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Bloch, Sacred Service

Thanks to the many persons who responded to my question regarding these two
terms. My original question was in the context of Ernest Bloch's SACRED
SERVICE where the score has the term "Adonai" throughout, but a recording I
have uses "Adoshem" instead.

To explain the difference I will quote from Steve Barnett of Barr Music
Productions, whose answer seems to sum up what most of my other replies
stated very eloquently.

"Adonai" is how the Hebrew abbreviation for the name of God (either
yod-hay-vav-hay [the famous "tetragrammaton"], or two yods) is pronounced
when encountered in the Hebrew Bible. Since we don't know how to pronounce
the "real" name of God (only the High Priest in the Great Temple in
Jerusalem knew that pronunciation, and it was only uttered once a year in
the Holy of Holies on Yom Kippur--the pronunciation was lost when the Temple
was destroyed by Rome in 60 C.E. and the High Priests were killed or
scattered), "Adonai" is the closest thing we have to the name of God. Since
the name of God should only be uttered in prayer, and (arguably) the public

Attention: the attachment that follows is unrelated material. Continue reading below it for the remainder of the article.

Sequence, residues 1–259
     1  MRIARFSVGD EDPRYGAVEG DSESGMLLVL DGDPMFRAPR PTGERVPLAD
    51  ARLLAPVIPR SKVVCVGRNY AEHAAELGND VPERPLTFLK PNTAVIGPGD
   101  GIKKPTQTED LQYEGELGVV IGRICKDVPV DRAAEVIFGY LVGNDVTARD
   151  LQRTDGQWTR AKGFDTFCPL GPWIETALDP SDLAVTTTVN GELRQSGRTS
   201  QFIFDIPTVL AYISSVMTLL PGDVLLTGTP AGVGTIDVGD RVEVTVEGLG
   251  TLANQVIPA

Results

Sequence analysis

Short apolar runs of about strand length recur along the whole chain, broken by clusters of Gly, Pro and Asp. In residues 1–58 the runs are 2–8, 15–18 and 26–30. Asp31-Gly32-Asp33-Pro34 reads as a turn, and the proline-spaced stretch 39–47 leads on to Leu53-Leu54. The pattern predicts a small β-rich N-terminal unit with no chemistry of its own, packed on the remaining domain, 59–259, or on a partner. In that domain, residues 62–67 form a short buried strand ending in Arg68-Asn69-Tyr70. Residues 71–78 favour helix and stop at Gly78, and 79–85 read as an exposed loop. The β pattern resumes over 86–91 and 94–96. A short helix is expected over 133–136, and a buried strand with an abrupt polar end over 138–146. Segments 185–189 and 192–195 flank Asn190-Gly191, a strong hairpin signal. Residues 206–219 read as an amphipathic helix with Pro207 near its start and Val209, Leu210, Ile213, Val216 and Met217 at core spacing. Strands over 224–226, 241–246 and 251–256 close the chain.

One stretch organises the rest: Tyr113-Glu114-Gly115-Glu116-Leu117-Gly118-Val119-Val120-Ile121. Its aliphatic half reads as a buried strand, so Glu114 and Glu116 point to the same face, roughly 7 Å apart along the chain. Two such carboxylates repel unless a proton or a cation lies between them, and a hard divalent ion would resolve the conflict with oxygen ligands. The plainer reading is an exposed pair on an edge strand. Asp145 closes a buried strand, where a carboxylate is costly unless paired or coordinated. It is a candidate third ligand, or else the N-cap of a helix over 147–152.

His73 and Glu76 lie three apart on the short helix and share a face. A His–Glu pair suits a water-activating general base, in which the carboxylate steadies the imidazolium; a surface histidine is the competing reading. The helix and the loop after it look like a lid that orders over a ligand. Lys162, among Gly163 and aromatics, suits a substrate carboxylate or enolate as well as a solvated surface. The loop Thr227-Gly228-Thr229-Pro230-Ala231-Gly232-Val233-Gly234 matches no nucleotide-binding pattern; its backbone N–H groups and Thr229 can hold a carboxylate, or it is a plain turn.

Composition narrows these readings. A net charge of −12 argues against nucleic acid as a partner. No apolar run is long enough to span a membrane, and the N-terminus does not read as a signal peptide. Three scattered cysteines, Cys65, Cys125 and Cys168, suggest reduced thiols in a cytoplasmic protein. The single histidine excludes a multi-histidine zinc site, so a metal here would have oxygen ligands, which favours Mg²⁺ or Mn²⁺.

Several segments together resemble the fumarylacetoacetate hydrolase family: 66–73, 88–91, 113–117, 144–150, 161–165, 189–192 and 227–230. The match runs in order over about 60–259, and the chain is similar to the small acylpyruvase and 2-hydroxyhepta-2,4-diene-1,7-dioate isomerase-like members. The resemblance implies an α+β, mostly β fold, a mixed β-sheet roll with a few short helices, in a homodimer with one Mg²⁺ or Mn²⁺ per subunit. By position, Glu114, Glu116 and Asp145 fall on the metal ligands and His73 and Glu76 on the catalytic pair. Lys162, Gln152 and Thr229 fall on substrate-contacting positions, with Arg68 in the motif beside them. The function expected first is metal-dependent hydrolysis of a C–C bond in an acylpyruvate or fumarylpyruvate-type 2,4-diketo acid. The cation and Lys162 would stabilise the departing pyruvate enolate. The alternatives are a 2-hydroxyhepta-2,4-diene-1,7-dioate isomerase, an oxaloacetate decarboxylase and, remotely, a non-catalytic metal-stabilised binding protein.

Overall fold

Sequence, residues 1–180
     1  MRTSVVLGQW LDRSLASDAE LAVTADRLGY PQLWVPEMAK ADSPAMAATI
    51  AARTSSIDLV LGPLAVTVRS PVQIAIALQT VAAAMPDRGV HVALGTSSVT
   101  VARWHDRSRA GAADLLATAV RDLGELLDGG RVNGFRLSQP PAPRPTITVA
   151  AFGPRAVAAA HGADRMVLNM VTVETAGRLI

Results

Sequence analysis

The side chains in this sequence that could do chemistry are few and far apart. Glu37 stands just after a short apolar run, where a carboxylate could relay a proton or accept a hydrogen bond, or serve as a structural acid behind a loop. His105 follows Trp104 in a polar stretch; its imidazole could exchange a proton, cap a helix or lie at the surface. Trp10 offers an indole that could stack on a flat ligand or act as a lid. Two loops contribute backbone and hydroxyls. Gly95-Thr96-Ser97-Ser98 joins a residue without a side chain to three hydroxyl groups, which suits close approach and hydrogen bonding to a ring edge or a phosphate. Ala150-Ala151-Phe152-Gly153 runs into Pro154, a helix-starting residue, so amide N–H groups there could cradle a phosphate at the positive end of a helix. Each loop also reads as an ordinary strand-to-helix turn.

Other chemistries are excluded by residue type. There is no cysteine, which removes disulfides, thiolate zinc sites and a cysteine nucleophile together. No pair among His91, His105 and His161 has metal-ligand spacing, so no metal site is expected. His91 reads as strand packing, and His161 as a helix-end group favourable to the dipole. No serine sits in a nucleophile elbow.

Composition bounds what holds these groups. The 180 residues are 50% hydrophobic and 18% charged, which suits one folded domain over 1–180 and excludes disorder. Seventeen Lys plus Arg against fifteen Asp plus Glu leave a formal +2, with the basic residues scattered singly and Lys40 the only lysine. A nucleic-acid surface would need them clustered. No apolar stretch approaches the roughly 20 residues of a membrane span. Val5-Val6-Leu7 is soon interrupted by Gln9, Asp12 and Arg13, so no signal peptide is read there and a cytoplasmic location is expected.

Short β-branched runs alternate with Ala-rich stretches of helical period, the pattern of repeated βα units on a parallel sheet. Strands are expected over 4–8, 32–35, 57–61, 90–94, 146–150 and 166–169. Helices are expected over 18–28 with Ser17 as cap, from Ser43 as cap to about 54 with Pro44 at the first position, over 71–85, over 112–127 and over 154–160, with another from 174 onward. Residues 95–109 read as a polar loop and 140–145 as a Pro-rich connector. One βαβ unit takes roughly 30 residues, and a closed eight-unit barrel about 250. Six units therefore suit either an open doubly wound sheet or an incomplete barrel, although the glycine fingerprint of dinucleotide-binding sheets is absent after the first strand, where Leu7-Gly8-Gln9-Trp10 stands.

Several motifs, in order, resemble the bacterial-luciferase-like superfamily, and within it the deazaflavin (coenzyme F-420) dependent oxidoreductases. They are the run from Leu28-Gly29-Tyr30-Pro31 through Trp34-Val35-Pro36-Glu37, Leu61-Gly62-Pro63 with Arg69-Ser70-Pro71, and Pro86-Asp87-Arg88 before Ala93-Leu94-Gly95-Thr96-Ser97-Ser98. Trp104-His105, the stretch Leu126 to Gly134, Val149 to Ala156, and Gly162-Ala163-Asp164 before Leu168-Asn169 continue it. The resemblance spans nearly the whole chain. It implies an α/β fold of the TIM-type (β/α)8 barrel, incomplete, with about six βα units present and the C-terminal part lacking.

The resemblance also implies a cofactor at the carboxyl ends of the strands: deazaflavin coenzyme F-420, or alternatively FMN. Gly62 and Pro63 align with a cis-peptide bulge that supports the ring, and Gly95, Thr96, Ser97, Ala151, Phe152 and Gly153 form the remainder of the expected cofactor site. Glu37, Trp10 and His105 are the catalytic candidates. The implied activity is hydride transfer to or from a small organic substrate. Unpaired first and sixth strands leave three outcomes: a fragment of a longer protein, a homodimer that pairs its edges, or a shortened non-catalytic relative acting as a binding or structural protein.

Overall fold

performance or recording of a Hebrew religious work does not constitute
prayer, a substitute sort-of portmanteau word is used. It takes the first
two syllables of "Adonai" and adds the Hebrew word for "name"="shem" at the
end. Hence, properly in order not to take the name of the Lord in vain, in
performance (or recording), anytime the Hebrew word "Adonai" is used in the
text, the less "prayerful" "Adoshem" should be substituted. However, if you
were performing the Bloch as part of the Friday evening service in a
Synagogue, "Adonai" would be correct and proper.

In addition Benin a box pointed out that this is also true for the term
"Eloheinu" which is changed to "EloKeinu".

Several persons mentioned that since Bloch wrote the piece for a Reformed
Jewish service (which is the only denomination that would use musical
instruments in a service context) that choice of using "Adonai" or "Adoshem"
becomes only a question of whether one wishes to avoid offending the
sensitivities of any Orthodox Jews who might attend the performance.

Terry Sanford